Garcia de Rayos, 35, emerged from her seemingly ordinary life after a yearly check-in Wednesday at the US Immigration and Customs Enforcement office in Phoenix.
It was her eighth visit since her 2008 arrest and conviction for using a fake Social Security number. After each meeting, she was released and returned to her family in Mesa.
This time, Garcia de Rayos was detained and deported to Mexico within 24 hours in what her attorney claims is a direct result of Trump's crackdown.
ICE officials insist there was nothing special about her situation: She had committed a crime and was ordered deported.
Now the case has become a flashpoint in the heated national dispute over Trump's executive order
that says any undocumented immigrant convicted or charged with a crime that hasn't been adjudicated could be deported.
'We don't deserve to go through this'
For her part, Garcia de Rayos appears keenly aware of her role in this unfolding drama. Far from hiding from the cameras, she held a news conference Thursday night in Nogales, Mexico, and said she wants others to see what's happened to her.
"I did this so that more families could see what's in store, what could happen, and so that they could know what they could risk," she said, adding that Trump's effort hurts the children of deported parents.
"I am not what he says. I simply am a mother who fights for her children, who fights to give them the best."
During an interview in Nogales, Mexico, on Friday, Garcia de Rayos teared up when asked about missing holidays with her family or her daughter's 15th birthday.
But, she told CNN's Polo Sandoval,"Deep down I always knew this could happen."
She began to fear deportation "when the President became the President," Garcia de Rayos said, referring to Trump. "Even before then he started threatening to deport people."
Garcia de Rayos' children -- who were born in the United States -- crossed the border Thursday night to be with their mother.
"We don't deserve to go through this," her daughter, Jacqueline, told reporters. "No family deserves to go through this. It's heartbreaking. No one should feel this much pain; no one should go through this much suffering."
Activists and her attorney said they warned Garcia de Rayos she could be deported under Trump's policy. They offered sanctuary at a church, but she decided to check in with ICE anyway, said Lucy Sandoval, an activist who has been working with the family.
"She wanted to confront this," Sandoval said. "They were hopeful that there would be some consciousness and some heart."
Debate turns on mom's case
Garcia de Rayos might be the first person deported from Arizona under Trump's executive order, her attorney told CNN affiliate KNXV-TV
. Her supporters said the deportation signals a marked changed from the policies of the Obama administration.
"I think this is a direct result of the new executive orders that are being put into actions by President Trump calling them 'enhancing public safety,' which really appears only to be attacking immigrant communities and people of color," said her attorney, Ray Maldonado.
Carlos Garcia, director of immigration rights group Puente Arizona
, said, "ICE had done what President Trump wanted -- which is deport and separate our families."
But US immigration officials said this case followed the regular legal process and it was time for Garcia de Rayos to go back to her home country.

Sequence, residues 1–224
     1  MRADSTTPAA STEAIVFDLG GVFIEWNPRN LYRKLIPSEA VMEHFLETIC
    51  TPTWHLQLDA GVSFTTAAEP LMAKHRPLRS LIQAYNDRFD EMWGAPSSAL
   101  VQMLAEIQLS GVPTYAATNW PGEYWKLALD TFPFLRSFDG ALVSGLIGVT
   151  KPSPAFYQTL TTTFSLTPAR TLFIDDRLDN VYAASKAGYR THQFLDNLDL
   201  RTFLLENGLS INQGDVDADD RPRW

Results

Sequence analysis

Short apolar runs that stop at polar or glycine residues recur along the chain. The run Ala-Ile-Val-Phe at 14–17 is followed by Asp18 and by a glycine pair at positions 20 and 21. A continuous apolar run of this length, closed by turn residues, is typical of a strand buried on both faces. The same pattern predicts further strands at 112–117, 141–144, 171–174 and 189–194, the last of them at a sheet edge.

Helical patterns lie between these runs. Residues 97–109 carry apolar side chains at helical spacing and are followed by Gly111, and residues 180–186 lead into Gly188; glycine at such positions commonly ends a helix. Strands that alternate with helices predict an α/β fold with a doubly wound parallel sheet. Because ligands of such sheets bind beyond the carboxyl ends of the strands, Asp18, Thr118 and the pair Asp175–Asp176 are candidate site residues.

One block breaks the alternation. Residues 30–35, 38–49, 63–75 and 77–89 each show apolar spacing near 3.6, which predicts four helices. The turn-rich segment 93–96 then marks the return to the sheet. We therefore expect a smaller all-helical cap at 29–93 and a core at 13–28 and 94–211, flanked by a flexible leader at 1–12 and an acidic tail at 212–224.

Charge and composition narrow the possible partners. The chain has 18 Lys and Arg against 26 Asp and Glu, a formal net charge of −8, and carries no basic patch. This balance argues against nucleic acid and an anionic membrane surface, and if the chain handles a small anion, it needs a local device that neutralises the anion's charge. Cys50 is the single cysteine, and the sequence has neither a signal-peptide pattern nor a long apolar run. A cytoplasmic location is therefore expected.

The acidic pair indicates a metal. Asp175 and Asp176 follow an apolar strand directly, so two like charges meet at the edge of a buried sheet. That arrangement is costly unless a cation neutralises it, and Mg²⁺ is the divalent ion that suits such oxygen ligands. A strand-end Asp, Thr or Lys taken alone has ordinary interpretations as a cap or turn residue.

"(Her) immigration case underwent review at multiple levels of the immigration court system, including the Board of Immigration Appeals, and the judges held she did not have a legal basis to remain in the US," ICE said in a statement.
Immigration advocates say this deportation will cause other unauthorized immigrants to go into hiding. Phoenix Mayor Greg Stanton, a Democrat, called it a travesty.
"Rather than tracking down violent criminals and drug dealers, ICE is spending its energy deporting a woman with two American children who has lived here for more than two decades and poses a threat to nobody," he said.
But supporters of the move see the deportation as a positive example of Trump's effort to preserve American jobs and ensure public safety.
"President Trump campaigned on the issue of enforcing the nation's laws, and that's exactly what is happening here," Dave Ray, a spokesman for the Federation for American Immigration Reform, said in a statement. His nonprofit group backs more restrictive immigration policies.
"Someone who has been in the country illegally for two decades, received final deportation orders from the immigration courts in 2013 and is a convicted felon shouldn't be the least bit shocked that she's being deported."
A crackdown on illegal immigration
The executive order
signed by Trump could amount to a vast expansion of authority for individual immigration officers and a dramatic increase in efforts to detain and deport undocumented immigrants.
The order lays out a series of categories of undocumented immigrants that immigration law enforcement officials should prioritize for removing from the country, a reaction to what was criticized by the right as lax enforcement of immigration law by President Barack Obama.
The Obama administration had prioritized expulsion of undocumented immigrants who threatened public safety or national security, had ties to criminal gang activity, committed serious felony offenses or were habitual misdemeanor criminal offenders.
Trump's order goes far beyond that, using a sweeping definition of "criminal" and giving a single immigration officer the ability to make judgments on threats to public safety, regardless of whether the person has been convicted of a crime.